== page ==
Stratham, NH 03885 603-772-2633

I do shows alone, and after witnessing two very nasty trailer
accidents that were way too close for comfort I would really like to
avoid a trailer myself. As an enamellist I do wall pieces and have
the fun of carrying full size display walls with me to every show. To
add to the fun, this vehicle also needs to be the one I haul my
children around in and use to transport others for some of the
non-profit volunteering I do. It goes without saying that as a female
traveling alone with cash after a show (often through the middle of
nowhere) that I probably won’t be driving a vehicle with 200,000
miles on it.

The only vehicle I have ever found that fits full size walls and has
the comfort of a real passenger vehicle are the extended length
Chrysler vehicles. Right now we have a used Town & Country that has
never needed major work at 90,000 miles. Knock on wood.

I drive a Ford Taurus station wagon. I really didn’t want a van or a
truck. What I wanted was a car that’s comfortable and stable on the
road, gets good gas mileage, and holds a lot. the Taurus wagon is
the car of my dreams. All my stock, tents, and camping equipment for
a longish stay fits comfortably.

Janet Kofoed

My husband and I use will be using our GMC 4905 40’ bus conversion
that we are working on to do shows.

Plenty of room in those bays for all the things we need :slight_smile:

Desta Marbury

Truthfully, if a vehicle has been properly kept up, the mileage is
not that big a deal. I have mine in for service every 3,000 miles,
and have done so ever since I bought it with 24 miles on it. I know
folks with vehicles that have less than 50,000 miles that are much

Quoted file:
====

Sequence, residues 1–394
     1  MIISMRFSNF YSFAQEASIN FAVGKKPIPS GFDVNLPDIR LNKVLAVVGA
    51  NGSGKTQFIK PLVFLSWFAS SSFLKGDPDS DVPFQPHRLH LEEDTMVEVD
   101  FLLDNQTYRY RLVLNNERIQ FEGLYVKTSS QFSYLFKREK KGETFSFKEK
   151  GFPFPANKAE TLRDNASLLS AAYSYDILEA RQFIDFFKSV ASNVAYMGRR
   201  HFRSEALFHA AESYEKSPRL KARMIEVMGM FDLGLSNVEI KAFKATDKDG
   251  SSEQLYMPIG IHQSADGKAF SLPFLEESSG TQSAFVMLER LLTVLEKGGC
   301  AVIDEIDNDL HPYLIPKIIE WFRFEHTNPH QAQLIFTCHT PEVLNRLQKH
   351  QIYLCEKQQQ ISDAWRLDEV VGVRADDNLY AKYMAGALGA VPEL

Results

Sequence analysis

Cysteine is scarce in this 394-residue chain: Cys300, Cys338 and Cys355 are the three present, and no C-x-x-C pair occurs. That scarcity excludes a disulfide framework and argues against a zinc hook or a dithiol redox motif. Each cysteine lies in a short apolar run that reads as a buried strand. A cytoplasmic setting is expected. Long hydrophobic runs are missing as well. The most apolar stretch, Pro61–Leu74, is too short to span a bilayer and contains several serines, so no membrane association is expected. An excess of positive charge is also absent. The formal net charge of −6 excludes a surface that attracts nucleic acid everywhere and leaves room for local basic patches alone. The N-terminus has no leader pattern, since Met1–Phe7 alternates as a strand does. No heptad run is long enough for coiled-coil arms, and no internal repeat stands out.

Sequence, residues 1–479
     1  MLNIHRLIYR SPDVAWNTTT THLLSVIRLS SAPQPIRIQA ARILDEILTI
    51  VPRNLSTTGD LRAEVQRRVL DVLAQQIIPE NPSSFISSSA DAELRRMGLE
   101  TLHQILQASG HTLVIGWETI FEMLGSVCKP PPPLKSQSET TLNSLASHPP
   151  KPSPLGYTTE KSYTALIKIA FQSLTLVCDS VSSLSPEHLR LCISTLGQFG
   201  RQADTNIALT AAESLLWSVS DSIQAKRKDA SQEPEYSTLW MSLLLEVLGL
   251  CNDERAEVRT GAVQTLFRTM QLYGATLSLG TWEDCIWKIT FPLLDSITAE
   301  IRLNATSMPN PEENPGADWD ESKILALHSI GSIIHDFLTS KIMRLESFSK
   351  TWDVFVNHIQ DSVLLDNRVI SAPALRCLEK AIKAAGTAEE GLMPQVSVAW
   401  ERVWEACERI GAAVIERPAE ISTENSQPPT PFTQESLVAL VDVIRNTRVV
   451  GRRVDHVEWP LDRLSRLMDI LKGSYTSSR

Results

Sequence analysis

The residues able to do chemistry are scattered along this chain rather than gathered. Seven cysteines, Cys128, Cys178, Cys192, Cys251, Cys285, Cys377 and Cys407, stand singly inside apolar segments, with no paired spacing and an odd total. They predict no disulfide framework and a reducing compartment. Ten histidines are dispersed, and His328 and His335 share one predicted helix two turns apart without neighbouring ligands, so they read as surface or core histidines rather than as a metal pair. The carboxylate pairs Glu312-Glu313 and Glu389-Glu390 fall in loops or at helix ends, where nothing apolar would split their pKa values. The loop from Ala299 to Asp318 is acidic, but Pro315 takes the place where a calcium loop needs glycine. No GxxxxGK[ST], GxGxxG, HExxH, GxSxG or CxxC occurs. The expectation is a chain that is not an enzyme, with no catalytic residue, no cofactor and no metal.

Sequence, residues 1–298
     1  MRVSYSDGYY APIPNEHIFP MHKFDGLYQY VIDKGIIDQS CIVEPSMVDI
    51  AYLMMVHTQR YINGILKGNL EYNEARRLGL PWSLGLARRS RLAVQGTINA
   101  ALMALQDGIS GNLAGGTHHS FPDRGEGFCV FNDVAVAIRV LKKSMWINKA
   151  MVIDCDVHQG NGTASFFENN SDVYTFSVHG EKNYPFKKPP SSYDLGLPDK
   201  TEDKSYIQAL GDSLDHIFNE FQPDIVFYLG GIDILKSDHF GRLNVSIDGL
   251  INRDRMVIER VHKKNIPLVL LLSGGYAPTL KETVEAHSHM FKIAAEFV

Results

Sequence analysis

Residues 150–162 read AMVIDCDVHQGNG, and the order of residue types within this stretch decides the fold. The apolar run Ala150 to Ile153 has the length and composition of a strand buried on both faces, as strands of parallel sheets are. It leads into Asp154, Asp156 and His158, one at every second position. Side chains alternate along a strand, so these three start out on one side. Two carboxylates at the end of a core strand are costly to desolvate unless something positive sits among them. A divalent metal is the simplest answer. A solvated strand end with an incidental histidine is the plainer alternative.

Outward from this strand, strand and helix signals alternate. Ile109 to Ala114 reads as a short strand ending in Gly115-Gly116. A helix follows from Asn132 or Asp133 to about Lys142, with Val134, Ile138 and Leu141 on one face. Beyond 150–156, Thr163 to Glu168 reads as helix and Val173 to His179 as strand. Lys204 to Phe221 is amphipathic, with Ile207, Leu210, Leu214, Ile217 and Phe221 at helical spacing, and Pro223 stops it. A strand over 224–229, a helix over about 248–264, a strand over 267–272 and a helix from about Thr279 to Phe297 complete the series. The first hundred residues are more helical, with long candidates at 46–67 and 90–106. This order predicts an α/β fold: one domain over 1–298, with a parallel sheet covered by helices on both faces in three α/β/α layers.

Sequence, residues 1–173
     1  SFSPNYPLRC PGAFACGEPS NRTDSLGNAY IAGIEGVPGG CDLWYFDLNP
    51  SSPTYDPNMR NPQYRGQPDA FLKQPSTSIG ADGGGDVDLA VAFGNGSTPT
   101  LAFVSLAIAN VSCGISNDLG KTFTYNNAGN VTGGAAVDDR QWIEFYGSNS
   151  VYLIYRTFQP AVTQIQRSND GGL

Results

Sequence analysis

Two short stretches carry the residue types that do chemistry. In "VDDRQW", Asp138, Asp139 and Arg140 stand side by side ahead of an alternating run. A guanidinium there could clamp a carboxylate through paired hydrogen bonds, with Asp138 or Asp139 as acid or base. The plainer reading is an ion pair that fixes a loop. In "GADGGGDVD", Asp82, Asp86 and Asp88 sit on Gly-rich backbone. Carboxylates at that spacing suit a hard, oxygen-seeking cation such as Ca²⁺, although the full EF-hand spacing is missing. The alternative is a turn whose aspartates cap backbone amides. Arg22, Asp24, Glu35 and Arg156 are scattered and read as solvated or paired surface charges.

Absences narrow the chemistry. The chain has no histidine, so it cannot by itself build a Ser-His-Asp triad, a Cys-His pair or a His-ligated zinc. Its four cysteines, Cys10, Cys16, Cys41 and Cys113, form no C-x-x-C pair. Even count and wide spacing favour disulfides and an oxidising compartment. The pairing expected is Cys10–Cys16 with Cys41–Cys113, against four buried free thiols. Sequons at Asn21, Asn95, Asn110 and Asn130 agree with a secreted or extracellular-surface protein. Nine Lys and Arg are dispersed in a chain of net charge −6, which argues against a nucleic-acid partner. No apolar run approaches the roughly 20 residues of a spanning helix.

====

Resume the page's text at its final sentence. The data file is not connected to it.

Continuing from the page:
less dependable than mine with almost 200,000! I have one friend
with a car less than 3 years old that already needs a new engine! So
age and mileage do not necessarliy correlate with dependability.

I am also a female who travels alone, or with my dd who is 13. We
drive all over the southeast US and camp on our own; travel largely
in relatively unpopulated areas; and yes, after shows, are carrying
large sums of money. On the other hand, who would think a rather
beaten-up looking Suburban coated with Girl Scout stickers and
Wildlife Action stickers and old Atlanta Olympic stickers and
stickers from Okracoke Island and Chincoteague Island, etc., would
have much of value in it?

I carry a bag cell phone (great reception in the middle of nowhere),
a pocket cell phone (terrible recpetion in the middle of nowhere
), and my trusty AAA card! On the fairly rare times that I DO
have car trouble (blowing a tire on an interstate - twice!) I just
use one of the cells to call AAA, and they come and get me.
Anywhere. And take me to a garage, or home. I have AAA Plus, so I
get 100 miles of towing at no charge - you definitely can’t beat

I’m curious about trailers, though, as I have been thinking about
getting one that I could leave things like the tent and displays in
permanently. Do those of you who use trailers leave things stored in
them year round? Any problems with that?

Beth in SC

Beth, I had thought like you that my beaten-up old car would never
attract the attention of the light-fingered amongst us. But beware -
my tired old car was stolen ten days ago after my last show of the
season and I’m sure it was from someone watching me as I was loading
it. Foolishly I went for a coffee with my daughter who is at uni
locally and I hadn’ seen for a few weeks. Goodbye stock, hand tools
(horrible feeling - like my fingers had been painfully trimmed!) and
my order book. Yes I was stupid - but it’s really hard never ever to
let to let your guard down. And ‘they’ may be watching. But it’s only
’stuff’ - no-one really hurt and it wasn’t my home or my workshop
defiled. But I’ll never quite regain that feeling that no-one knows
what I’m carrying in an old car. Merry Solstice from the English

Prue Biddle